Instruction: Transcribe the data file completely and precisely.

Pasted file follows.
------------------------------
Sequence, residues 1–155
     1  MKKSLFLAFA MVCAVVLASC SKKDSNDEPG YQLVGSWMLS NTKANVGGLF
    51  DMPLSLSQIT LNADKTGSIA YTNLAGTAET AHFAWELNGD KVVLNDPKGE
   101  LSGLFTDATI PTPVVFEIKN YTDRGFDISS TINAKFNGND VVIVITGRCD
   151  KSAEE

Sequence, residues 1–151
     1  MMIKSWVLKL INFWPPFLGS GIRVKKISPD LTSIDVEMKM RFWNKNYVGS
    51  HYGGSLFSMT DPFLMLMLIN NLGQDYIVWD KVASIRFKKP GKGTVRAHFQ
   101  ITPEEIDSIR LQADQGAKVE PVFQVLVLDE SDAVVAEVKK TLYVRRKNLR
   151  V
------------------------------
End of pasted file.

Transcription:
Sequence, residues 1–155
     1  MKKSLFLAFA MVCAVVLASC SKKDSNDEPG YQLVGSWMLS NTKANVGGLF
    51  DMPLSLSQIT LNADKTGSIA YTNLAGTAET AHFAWELNGD KVVLNDPKGE
   101  LSGLFTDATI PTPVVFEIKN YTDRGFDISS TINAKFNGND VVIVITGRCD
   151  KSAEE

Sequence, residues 1–151
     1  MMIKSWVLKL INFWPPFLGS GIRVKKISPD LTSIDVEMKM RFWNKNYVGS
    51  HYGGSLFSMT DPFLMLMLIN NLGQDYIVWD KVASIRFKKP GKGTVRAHFQ
   101  ITPEEIDSIR LQADQGAKVE PVFQVLVLDE SDAVVAEVKK TLYVRRKNLR
   151  V